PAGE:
The tenant calls at 9pm complaining there is water pouring from the ceiling below the upstairs shower. Great. That’s the last thing I need right before I go to bed. But as a property manager, I have obligations to the services I offer. I do what I can from my home; I tell her to shut off the shower and don’t use it. What else can I tell her?
The next day I go to assess the damage. Yeah, there’s definitely a water leak. Of course I have no idea where to begin. Should I rip the sheetrock out? How much should I rip out? Is there anything that’s salvageable? I have no clue. So I call a contractor, the only logical thing I know to do. When I call, I get his voicemail. So I leave a message detailing the damage. I have no idea when to expect a call back from him, so I call another contractor to see if I can get them to come out, or at least give me some advice over the phone of some steps that I can make. Fortunately, I get him on the line; unfortunately he wouldn’t give me any advice on initial damage control. He seemed to have a control issue, or maybe he thought his knowledge was too valuable to give away for free.
Once I finally got someone out there, they only had 15-20 minutes to look at the damage and give an estimate. Really!? I felt like I was a burden to them. I had so many questions running through my head. Why would they dedicate only a short time to my problem? Are there other jobs that are more important than mine? Should I chose a different contractor?
On the same visit, they gave me an estimate, which I agreed to. Great! We’re going forward with this. OK see you next week….WHAT!! They didn’t even have the time to rip the water damaged sheetrock out. I had to wait another two weeks for them to come back out just to rip out the sheetrock. Then, once it was out, I had to wait another 5 days for it to air out.
The repairs went on for weeks, nearly a month. In my opinion, with the amount of help that the contractor had, the job should have taken 2 weeks max. The crew was also working on another job across town, which was a higher paying job, resulting in my rental taking the backburner. I have seen a common denominator in many contractors; they have to be at the job to micro manage their crew. They don’t have confidence in their crew to do the job right.
The final straw was when the job was complete. I did a once-over of the job and noticed that a piece of trim that ran along the edge of the tub had an exposed piece of wood that wasn’t painted. I asked him if he could paint it, and he said that his estimate did not include painting. He would have to charge me $80. This piece of trim would have taken maybe 15 to 30 minutes to paint. It showed me that my satisfaction wasn’t important to him.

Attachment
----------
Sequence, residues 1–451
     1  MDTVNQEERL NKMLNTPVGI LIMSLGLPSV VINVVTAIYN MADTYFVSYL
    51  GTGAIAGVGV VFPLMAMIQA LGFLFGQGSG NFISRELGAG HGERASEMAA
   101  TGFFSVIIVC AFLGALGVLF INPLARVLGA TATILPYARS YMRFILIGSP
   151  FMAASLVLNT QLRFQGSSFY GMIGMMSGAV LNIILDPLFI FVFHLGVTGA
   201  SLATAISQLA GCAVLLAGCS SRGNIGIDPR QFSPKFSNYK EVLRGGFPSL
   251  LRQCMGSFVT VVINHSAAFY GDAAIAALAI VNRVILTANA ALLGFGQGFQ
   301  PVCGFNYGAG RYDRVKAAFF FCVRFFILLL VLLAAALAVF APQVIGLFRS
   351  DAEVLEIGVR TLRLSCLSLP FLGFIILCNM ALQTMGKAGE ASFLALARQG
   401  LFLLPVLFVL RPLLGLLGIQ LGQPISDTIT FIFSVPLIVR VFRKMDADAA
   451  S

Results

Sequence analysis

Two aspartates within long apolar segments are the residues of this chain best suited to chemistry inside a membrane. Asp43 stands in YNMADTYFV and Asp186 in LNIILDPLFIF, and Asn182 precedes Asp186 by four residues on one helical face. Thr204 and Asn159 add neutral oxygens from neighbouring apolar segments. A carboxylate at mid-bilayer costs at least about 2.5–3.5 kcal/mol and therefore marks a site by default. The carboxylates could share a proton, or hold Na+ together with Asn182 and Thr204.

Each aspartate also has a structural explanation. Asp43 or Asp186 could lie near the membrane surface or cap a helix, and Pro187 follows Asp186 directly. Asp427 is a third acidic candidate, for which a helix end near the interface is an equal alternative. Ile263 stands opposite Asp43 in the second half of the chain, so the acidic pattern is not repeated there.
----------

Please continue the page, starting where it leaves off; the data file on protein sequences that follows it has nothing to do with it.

From my experience, I would like to offer a few tips to increase customer satisfaction.
- Set up an answering service with a scheduler- Answerconnect.com offers answering services that range in price from $0.89 to $0.97 per minute. It is a very reasonable price to pay to provide excellent customer service. Allowing someone to specialize in an area will result in better customer satisfaction. Isn’t your goal customer satisfaction so you get those repeat customers? I know with maintenance, something that is inevitable in my industry, I go with the person that took care of me.
- Give the customer some idea of what they can do to make your job easier. If they can rip out sheetrock to let the water damage air out, tell them that’s something they can do.
- Block off a time where you can meet with the customer for at least an hour. This will allow for plenty of time to answer any questions they may have for you. If you can, try and schedule it first thing in the morning; it make the customer feel appreciated.
- If there is anything you can do on the initial visit, do it. Why wait two weeks for a small demolition job? This will save you a trip, saving time and gas.
- If at all possible, dedicate yourself to one job. The customers will appreciate it. If you must split your time between two jobs, have enough people to do both jobs at once. Give adequate training so that you can trust them to do the job right. You shouldn’t have to do all the work.
- Go the extra mile to make your customer satisfied. It will make repeat customers. When someone is spending money on repairs, they need to justify spending a significant amount. If they walk away saying, “At least they really tried to make me happy,” they won’t walk away with buyer’s remorse. Those who aren’t satisfied won’t call you again.